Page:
Having been involved in golf and professional sports for twenty years, it’s safe to say that I’ve pretty much seen it all. Many golfers suffer from several different swing flaws, which can lead to snap hooks, flubs, and the dreaded slice.
Undoubtedly, the slice is the one golf shot that I hear the most common complaints about, particularly from high-handicappers and beginners to the game. But have you ever thought about what actually causes your golf ball to slice? Chances are you have, but you haven’t figured out exactly why your ball goes from a fade to a slice.
Typically speaking, your golf ball slices in the air because of a swing flaw or a component breaking down in your swing mechanics. Helping golfers of all levels understand more about the slice is critical, so let’s get right into it.
What Causes Your Golf Ball To Slice?
The golf ball slices in its flight due to the amount of side spin placed on the ball; the greater the side spin, the more pronounced the movement from left to right will be. Generally speaking, the sidespin is caused by the golfer leaving the clubface “open” at the time of impact instead of being “square” as it should be.
Not only does the open clubface cause sidespin, but it also initiates a “glancing” strike on the ball, resulting in a dramatic loss in the distance of your shot.
Other factors like being incorrectly aligned, using the right golf ball, poor swing mechanics, and timing can also cause a slice; this is why it’s imperative to seek the advice of an expert PGA coach and instructor to help iron out those kinks in your swing.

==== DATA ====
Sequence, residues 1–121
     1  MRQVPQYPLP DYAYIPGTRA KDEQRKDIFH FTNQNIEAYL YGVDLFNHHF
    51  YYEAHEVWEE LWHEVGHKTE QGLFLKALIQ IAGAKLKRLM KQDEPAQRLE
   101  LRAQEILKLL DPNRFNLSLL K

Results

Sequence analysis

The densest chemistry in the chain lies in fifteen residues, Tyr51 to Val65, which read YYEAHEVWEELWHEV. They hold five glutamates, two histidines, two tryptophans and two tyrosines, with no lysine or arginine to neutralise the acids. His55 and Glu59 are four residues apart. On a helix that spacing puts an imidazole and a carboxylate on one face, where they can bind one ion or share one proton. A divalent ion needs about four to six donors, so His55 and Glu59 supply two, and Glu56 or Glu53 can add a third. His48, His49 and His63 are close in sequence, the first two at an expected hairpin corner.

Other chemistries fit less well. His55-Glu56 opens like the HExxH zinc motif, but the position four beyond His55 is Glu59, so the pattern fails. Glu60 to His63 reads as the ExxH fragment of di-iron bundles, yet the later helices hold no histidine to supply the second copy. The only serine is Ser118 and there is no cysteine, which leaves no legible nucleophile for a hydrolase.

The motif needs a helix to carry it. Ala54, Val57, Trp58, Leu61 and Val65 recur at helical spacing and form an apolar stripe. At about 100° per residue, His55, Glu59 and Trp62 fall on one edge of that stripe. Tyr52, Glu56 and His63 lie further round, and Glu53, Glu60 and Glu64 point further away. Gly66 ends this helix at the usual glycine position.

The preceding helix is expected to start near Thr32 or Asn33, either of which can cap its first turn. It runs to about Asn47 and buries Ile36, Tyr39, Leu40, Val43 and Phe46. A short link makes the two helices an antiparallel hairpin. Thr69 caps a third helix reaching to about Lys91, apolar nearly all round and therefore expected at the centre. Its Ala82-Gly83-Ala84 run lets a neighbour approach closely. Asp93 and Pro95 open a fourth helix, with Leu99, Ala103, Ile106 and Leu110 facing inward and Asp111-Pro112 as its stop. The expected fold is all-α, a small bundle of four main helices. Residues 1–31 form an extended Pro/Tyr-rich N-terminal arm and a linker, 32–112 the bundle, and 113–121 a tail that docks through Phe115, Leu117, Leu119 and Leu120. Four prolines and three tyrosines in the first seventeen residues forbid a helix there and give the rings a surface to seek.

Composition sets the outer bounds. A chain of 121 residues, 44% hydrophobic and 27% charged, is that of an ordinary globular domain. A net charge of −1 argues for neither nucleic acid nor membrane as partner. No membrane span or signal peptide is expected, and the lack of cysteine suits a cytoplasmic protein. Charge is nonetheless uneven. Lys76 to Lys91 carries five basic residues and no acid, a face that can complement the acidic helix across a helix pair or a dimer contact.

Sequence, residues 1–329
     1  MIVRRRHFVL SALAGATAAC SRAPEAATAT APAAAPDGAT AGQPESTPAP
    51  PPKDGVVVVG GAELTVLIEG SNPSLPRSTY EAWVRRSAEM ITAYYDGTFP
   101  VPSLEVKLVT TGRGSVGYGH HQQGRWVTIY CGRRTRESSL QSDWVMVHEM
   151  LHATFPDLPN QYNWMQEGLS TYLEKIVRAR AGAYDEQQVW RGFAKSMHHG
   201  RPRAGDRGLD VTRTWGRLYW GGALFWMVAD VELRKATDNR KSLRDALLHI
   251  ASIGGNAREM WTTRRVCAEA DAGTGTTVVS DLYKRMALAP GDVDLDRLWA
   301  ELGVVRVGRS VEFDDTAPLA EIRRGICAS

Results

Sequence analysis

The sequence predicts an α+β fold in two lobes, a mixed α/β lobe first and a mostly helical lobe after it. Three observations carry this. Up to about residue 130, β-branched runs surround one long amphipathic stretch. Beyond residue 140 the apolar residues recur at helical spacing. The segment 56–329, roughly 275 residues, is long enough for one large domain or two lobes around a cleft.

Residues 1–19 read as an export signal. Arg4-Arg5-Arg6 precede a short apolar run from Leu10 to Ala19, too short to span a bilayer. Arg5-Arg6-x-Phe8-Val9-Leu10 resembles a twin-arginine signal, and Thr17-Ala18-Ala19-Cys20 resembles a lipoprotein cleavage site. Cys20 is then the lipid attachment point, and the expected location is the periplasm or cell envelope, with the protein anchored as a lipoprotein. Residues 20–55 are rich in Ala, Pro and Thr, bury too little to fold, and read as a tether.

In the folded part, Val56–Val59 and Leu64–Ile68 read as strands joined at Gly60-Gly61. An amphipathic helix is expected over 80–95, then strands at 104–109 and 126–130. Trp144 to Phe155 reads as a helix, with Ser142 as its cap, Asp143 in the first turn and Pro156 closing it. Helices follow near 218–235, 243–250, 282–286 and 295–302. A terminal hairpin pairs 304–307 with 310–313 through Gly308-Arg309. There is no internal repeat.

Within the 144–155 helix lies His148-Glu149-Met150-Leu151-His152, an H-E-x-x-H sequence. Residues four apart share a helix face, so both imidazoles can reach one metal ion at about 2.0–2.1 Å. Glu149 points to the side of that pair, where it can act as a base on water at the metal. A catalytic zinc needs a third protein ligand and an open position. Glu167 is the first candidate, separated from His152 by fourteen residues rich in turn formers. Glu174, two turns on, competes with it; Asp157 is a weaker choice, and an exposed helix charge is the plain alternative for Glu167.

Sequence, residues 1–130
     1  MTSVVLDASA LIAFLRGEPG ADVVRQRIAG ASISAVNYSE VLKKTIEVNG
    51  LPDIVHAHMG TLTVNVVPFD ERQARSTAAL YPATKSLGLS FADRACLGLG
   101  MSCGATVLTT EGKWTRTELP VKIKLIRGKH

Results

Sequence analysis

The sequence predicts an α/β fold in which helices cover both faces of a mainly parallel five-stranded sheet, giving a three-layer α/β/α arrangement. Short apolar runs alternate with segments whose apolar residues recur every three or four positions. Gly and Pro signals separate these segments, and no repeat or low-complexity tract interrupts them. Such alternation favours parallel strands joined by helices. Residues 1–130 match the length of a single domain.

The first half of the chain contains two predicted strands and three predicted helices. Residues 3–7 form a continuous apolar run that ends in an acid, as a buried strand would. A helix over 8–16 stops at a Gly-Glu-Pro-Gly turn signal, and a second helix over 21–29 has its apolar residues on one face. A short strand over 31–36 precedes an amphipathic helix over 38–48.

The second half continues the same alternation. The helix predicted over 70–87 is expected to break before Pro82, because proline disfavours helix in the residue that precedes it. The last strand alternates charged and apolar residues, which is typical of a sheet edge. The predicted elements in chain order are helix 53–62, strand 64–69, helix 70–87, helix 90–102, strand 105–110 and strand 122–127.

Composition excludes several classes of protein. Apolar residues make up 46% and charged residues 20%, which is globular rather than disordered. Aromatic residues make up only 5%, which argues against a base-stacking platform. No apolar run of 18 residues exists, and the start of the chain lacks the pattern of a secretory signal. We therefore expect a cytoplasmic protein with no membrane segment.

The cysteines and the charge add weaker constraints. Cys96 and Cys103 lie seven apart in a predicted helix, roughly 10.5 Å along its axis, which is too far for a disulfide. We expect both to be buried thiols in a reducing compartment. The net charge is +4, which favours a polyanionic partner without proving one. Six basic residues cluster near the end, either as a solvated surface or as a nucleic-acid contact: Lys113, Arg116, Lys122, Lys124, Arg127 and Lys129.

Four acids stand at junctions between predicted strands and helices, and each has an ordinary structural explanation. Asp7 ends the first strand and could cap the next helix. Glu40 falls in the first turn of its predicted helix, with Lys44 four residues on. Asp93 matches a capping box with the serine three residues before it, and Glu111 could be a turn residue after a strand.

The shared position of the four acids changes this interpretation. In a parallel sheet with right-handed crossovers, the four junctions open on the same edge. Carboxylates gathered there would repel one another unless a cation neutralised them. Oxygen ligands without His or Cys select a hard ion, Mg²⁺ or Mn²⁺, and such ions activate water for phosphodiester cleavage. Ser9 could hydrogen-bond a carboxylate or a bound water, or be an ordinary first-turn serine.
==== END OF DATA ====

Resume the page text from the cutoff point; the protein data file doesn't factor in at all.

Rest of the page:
What Can I Do To Avoid A Slice?
Ok, so I know what you’re thinking; if I can just make sure my clubface is square at impact, then I’ll never hit another slice again. But guess what, as with most things in life worth pursuing, nothing is ever that easy.
Golf is a repetitive sport, meaning golfers of all levels have built up years of bad habits that are now ingrained deep into their muscle memory. Getting rid of these bad swing habits is no easy task and takes the instruction of a good coach and hours and hours of commitment and dedication by the player.
Most golfers try to overcompensate for their slice, which causes multiple other swing problems, including timing and constant misfiring. One common mistake golfers make is overcompensating by aligning their shoulders further to the left. Unfortunately, this causes the swing to produce a “pull” and, in more extreme cases, a snap hook.
Adjusting Your Grip Can Help Avoid A Slice
As a coach, one of the first places I check to identify why the player is slicing is the grip. More often than not, the grip is the culprit, which is both good and bad news. The good news is the slice can be fixed with a simple grip change; the bad news is the new grip is probably going to feel terrible for quite some time.
A simple adjustment for high-handicap golfers to make is to ensure the knuckle on the index finger of their left hand is clearly visible when they are set up and addressing the ball.
Making sure the right hand is also slightly turned away from the target can help alleviate the slice. The biggest problem that most golfers face is the awkward feeling of hitting shots with an entirely new grip. Far too many golfers scrap their new grip before giving it enough time to start feeling more comfortable.
Alignment At Address Might Need Adjustment
The grip is directly correlated with this next tip which is the alignment or, should I say, the incorrect alignment of the golfer’s shoulders at the address position. When a golfer slices the ball, you’ll generally find that their feet, hips, and shoulders are aligned to the target’s left.
Ensuring you correctly align yourself at address can, in most cases, completely “fix” the dreaded problem of slicing the ball. Correct alignment makes it easier to swing on the target line and thus hit a much straighter ball.
The 18th Hole
The golf swing is one of the most complex, sporting techniques to perform correctly and consistently. To understand more about why you’re slicing the ball, you will have to take a few lessons with your local PGA club professional.
The golf swing is just too intricate and complex to figure out by yourself, so seek their advice and get rid of your slice ball flight once and for all. After all, you spend so much money on expensive clubs and clothes that giving a few bucks to a PGA pro for some lessons is money well spent.